By Paul Hughes from Blanchardstown.
Some years after leaving school, I was driving through my home town in my lorry. The memory of my past days came back to me. I went to school in Dunboyne, Co Meath, back in the fifties. I felt I was different to most of the other boys in the class. It was the teacher who made me feel inferior. Why would he want to make me feel different from the rest?
I came from a very poor, single parent family. This was very much frowned on in Ireland back then. The teacher seemed to enjoy making little of me in front of the whole class, always telling me I would never make anything of myself. I started to believe him.
When he wanted something done he would call on me to do it, such as going out and getting coal for the open fire. I did all his errands.
One morning when the roll was called and all the boys were sitting at their desks, the headmaster looked for a volunteer to kill his goose. There was silence in the classroom. Nobody put up their hand to volunteer. I knew it was going to be me, he didn't look at me, and he never did. With his next breath, he said:
"Hughes will you kill the goose?"
"I will, Sir" I said.
I had no idea what was to be done.
"Come up here, Hughes."
As I got out from my desk and headed up to the front of the class, he put his hand into his pocket and took out a small, well used, silver penknife. The master smoked a pipe and used the knife for cutting the slab of tobacco. He thrust the knife into my hand saying, "make sure you bleed him well". I still did not know what I was going to do.
"I will, Sir," I said.
On leaving the school room, I didn't know what to do next. I never had anything to do with geese at home. All we had were hens, turkeys and a few guinea fowl. Walking up the street to the master's house, it was about 300 yards away. I didn't know what to expect. I knew I could not turn back and tell the master I could not do the job.
When I arrived at the master's house, his wife was waiting at the back door.
"Good morning, Mam," I said.
She looked at me. She was a real lady.
She said in a very soft voice "You will find the goose over in the garage."
She looked a little embarrassed when telling me. As I opened the big garage door, I didn't know what lay ahead. Suddenly a black headed bird was looking at me, straight in the eyes. I was frightened of the size of it. I rushed at it and with one hand, I caught its neck and I placed the other arm around its body. I tied its legs together and hung it up on an old, rusty nail on the back of the garage door.
I took out the small silver penknife from my pocket, pulled out the blade and holding the goose by the head, I made a small cut in its neck. My hands were shaking. I let his head go. He started to flap his wings. The feathers were flying through the air. His head was bouncing from side to side. There was blood squirting from the small cut in his neck. But the goose was not dying. I could see his eyes were wide open. He was looking at me.
I produced the knife again and took another dive at the goose. I cut him again but it did not work, he was still flapping around. I got the penknife and for the third time I pulled out the blade. I took a dive at the goose and I kept cutting. I cut until I couldn't cut any more. The head was clean off him. It hit the garage floor. The wings were still flapping. There were feathers flying. There was blood all over the place. The wall and the back of the garage door were destroyed.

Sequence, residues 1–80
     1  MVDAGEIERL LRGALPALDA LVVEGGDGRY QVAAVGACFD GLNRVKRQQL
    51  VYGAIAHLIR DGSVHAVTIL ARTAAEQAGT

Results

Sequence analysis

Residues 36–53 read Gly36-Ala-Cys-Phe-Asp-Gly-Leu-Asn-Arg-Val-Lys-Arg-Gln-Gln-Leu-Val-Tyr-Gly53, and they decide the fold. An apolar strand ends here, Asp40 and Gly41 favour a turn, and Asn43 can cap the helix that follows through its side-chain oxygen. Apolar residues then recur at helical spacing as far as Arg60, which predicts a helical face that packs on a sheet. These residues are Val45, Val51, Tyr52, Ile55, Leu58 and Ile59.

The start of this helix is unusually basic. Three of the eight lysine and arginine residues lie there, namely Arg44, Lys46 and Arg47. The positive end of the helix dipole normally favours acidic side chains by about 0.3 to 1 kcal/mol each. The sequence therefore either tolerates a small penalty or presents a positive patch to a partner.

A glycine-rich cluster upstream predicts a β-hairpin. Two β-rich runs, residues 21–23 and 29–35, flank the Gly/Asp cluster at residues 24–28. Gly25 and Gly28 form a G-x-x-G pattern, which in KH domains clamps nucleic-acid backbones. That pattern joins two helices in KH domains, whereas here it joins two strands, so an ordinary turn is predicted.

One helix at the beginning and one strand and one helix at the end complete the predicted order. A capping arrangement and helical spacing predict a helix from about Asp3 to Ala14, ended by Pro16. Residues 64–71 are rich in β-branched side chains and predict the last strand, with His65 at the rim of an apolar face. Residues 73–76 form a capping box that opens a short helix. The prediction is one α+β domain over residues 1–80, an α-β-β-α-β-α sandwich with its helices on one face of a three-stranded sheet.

I looked at my own clothes and they were covered in blood. All of a sudden everything went quiet. I looked at the blood covered goose. He was dead. Finally, he was dead. I had to clean up all the blood off the floor, the garage door and myself. I did this with an old cloth that I found in the back of the garage. When all was done I closed the garage door.
I looked for the headmaster's wife; she was nowhere to be seen. I presumed she was back in the house. I knew her to be a very caring and pleasant lady. Walking back to the class, I had a great feeling of satisfaction. I had done something that no other boy in my class would do. When I placed the knife on the master's desk, the only words he uttered were:
"Did you bleed him, Hughes?"
"I did, Sir."
"I cut his head off, Sir."
"You bled him well"
He never said 'thanks, Hughes' or 'well done, Hughes' or even 'good boy.' I felt sad going back to my desk, after all I had done. No other boy in the class would even volunteer for the task. Before the day was out, I would be told that 'I would never make anything of myself.' I would be told that I was only 'fit to sweep the streets.'
In the years that followed, I had turned my hands to different jobs. After I got a few pounds together I purchased a lorry and started up my own haulage business. I had forgotten those days until one day I was passing through the village and the school children from the school that I attended were out playing football. Who did I see standing on the green with his hands behind his back but myoid headmaster.
I parked the lorry. I wanted to confront him but I was afraid. I went into the phone box and pretended to make a call. I got up the courage. I came out, I went over to him and said:
He looked at me.
"Who have I here," he said.
"Do you not remember me?" I said.
"No" he said.
"Paul Hughes" I said.
"Ah Paul! How are you?"
"Who are you working for now?"
"Paul Hughes" I said and then I turned and pointed to the lorry with my name on the side. I looked back at him but he was speechless.
"Paul Hughes,haulage contractor, that's who I work for."
I turned on my heels and got into my lorry and drove away.
It was one of the most satisfying moments of my life. Being able to walk away and hold my head up and show him that I made something of myself. I didn't end up sweeping the roads. He told me that's all I would be fit for. I was so happy to prove him wrong. So happy, and proud.